Anti-VEGF treatment regimens using individualized, variable-interval dosing, such as PRN regimens based on findings of exudation, or treat-and-extend regimens that gradually extend assessment and treatment intervals after exudation is controlled, are used widely today. According to the American Society of Retina Specialists’ 2019 Global Trends in Retina survey, 87% of United States retina specialists favor treat-and-extend dosing for nAMD.
      American Society of Retina Specialists
      Global trends in retina.
      However, to achieve levels of VA improvement approaching those obtained with fixed monthly dosing, evidence from clinical trials suggests that variable-interval dosing regimens should include standardized OCT examinations and strict retreatment criteria based on anatomic factors (macular thickness, new hemorrhage, or new active choroidal neovascularization).
      • Busbee B.G.
      • Ho A.C.
      • Brown D.M.
      • et al.
      Twelve-month efficacy and safety of 0.5 mg or 2.0 mg ranibizumab in patients with subfoveal neovascular age-related macular degeneration.
      ,
      • Wykoff C.C.
      • Croft D.E.
      • Brown D.M.
      • et al.
      Prospective trial of treat-and-extend versus monthly dosing for neovascular age-related macular degeneration: TREX-AMD 1-year results.
      ,
      • Fung A.E.
      • Lalwani G.A.
      • Rosenfeld P.J.
      • et al.
      An optical coherence tomography-guided, variable dosing regimen with intravitreal ranibizumab (Lucentis) for neovascular age-related macular degeneration.
      ,
      • Berg K.
      • Pedersen T.R.
      • Sandvik L.
      • Bragadóttir R.
      Comparison of ranibizumab and bevacizumab for neovascular age-related macular degeneration according to LUCAS treat-and-extend protocol.
      The injection frequencies revealed in the present analysis of real-world retina practice (mean, 5.8–6.1 injections in the first 12 months) are similar to those used in several prospective clinical trials of PRN ranibizumab, such as Prospective Optical Coherence Tomography Imaging of Patients with Neovascular AMD Treated with Intraocular Ranibizumab (PRONTO) (5.6 injections),
      • Fung A.E.
      • Lalwani G.A.
      • Rosenfeld P.J.
      • et al.
      An optical coherence tomography-guided, variable dosing regimen with intravitreal ranibizumab (Lucentis) for neovascular age-related macular degeneration.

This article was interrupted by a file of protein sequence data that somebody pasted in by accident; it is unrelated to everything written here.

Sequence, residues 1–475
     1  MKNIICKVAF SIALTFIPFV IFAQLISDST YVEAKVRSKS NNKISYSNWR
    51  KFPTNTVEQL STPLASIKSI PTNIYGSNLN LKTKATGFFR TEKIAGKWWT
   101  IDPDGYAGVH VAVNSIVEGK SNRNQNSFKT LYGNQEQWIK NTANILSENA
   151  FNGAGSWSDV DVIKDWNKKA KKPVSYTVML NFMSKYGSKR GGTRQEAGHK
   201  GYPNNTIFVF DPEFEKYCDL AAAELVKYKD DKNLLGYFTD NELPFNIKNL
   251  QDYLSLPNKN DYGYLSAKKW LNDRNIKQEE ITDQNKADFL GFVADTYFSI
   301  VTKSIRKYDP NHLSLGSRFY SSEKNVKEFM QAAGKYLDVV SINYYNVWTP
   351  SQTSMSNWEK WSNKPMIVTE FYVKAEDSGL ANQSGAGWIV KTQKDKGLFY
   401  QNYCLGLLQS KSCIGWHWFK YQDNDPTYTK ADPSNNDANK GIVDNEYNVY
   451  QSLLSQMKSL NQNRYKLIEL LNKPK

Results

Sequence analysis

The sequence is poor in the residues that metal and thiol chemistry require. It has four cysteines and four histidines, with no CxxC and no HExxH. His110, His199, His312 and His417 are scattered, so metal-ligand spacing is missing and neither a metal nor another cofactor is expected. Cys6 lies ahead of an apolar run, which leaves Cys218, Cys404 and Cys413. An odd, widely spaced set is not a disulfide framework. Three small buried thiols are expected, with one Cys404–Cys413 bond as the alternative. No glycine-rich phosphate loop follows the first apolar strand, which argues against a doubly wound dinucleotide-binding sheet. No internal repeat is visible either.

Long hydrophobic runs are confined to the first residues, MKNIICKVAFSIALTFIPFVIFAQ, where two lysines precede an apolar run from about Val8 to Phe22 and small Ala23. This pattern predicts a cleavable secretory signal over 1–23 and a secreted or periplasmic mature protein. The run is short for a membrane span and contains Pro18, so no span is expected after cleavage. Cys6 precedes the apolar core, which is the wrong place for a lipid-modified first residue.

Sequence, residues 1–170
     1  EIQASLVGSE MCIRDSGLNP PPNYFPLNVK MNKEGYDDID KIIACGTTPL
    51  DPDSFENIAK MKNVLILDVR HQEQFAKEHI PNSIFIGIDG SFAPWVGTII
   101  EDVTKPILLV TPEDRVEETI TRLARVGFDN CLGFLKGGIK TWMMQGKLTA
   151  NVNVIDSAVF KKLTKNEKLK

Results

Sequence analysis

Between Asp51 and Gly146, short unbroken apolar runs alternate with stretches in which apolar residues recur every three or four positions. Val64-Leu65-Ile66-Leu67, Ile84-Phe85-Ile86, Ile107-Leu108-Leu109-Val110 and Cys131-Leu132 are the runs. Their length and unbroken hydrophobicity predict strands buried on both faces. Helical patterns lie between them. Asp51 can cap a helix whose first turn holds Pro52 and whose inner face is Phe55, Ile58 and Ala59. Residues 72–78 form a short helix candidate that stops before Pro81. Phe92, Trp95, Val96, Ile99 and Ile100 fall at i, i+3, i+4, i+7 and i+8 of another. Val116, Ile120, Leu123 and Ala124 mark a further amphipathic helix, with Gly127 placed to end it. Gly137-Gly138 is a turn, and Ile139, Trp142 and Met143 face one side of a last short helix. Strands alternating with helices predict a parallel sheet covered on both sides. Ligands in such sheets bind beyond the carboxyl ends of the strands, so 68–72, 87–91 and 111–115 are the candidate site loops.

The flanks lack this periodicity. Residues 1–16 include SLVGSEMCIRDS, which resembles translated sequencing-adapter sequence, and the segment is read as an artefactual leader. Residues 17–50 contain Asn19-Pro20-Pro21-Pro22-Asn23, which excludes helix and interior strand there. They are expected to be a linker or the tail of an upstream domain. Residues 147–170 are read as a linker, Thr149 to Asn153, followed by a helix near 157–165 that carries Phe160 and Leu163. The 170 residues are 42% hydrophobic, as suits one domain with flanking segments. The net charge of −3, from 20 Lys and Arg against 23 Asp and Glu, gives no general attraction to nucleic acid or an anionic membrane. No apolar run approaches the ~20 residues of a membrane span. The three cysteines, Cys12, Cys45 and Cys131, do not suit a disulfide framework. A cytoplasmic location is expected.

SUSTAIN (5.6 injections),
      • Holz F.G.
      • Amoaku W.
      • Donate J.
      • et al.
      Safety and efficacy of a flexible dosing regimen of ranibizumab in neovascular age-related macular degeneration: the SUSTAIN study.
      and CATT (6.9 injections),
      • Martin D.F.
      • Maguire M.G.
      • et al.
      CATT Research Group
      Ranibizumab and bevacizumab for neovascular age-related macular degeneration.
      yet despite the close similarity in age, gender, and baseline VA among the various patient populations, the VA gains seen in this analysis (mean, ≤1.6 letters at 12 months) are considerably less favorable than those achieved in the clinical trials (mean, 3.6–9.3 ETDRS letters), suggesting possible differences in disease characteristics and/or retreatment criteria between the clinical practice and clinical trial settings.
      In the real-world setting, anti-VEGF treatment outcomes are likely to be affected adversely not only by the low frequency of dosing and OCT monitoring
      • Holz F.G.
      • Tadayoni R.
      • Beatty S.
      • et al.
      Key drivers of visual acuity gains in neovascular age-related macular degeneration in real life: findings from the AURA study.
      but also by delays in starting anti-VEGF therapy after the initial diagnosis and by poor adherence to recommended retreatment criteria after the initial loading phase.
      • Cohen S.Y.
      • Mimoun G.
      • Oubraham H.
      • et al.
      Changes in visual acuity in patients with wet age-related macular degeneration treated with intravitreal ranibizumab in daily clinical practice: the LUMIERE study.
      ,
      • Kumar A.
      • Sahni J.N.
      • Stangos A.N.
      • et al.
      Effectiveness of ranibizumab for neovascular age-related macular degeneration using clinician-determined retreatment strategy.
      Given that anatomic changes indicative of nAMD recurrence can in many cases be detected with OCT before the onset of vision deterioration,
      • Holz F.G.
      • Korobelnik J.F.
      • Lanzetta P.
      • et al.
      The effects of a flexible visual acuity-driven ranibizumab treatment regimen in age-related macular degeneration: outcomes of a drug and disease model.
      ,
      • Muether P.S.
      • Hermann M.M.
      • Viebahn U.
      • et al.
      Vascular endothelial growth factor in patients with exudative age-related macular degeneration treated with ranibizumab.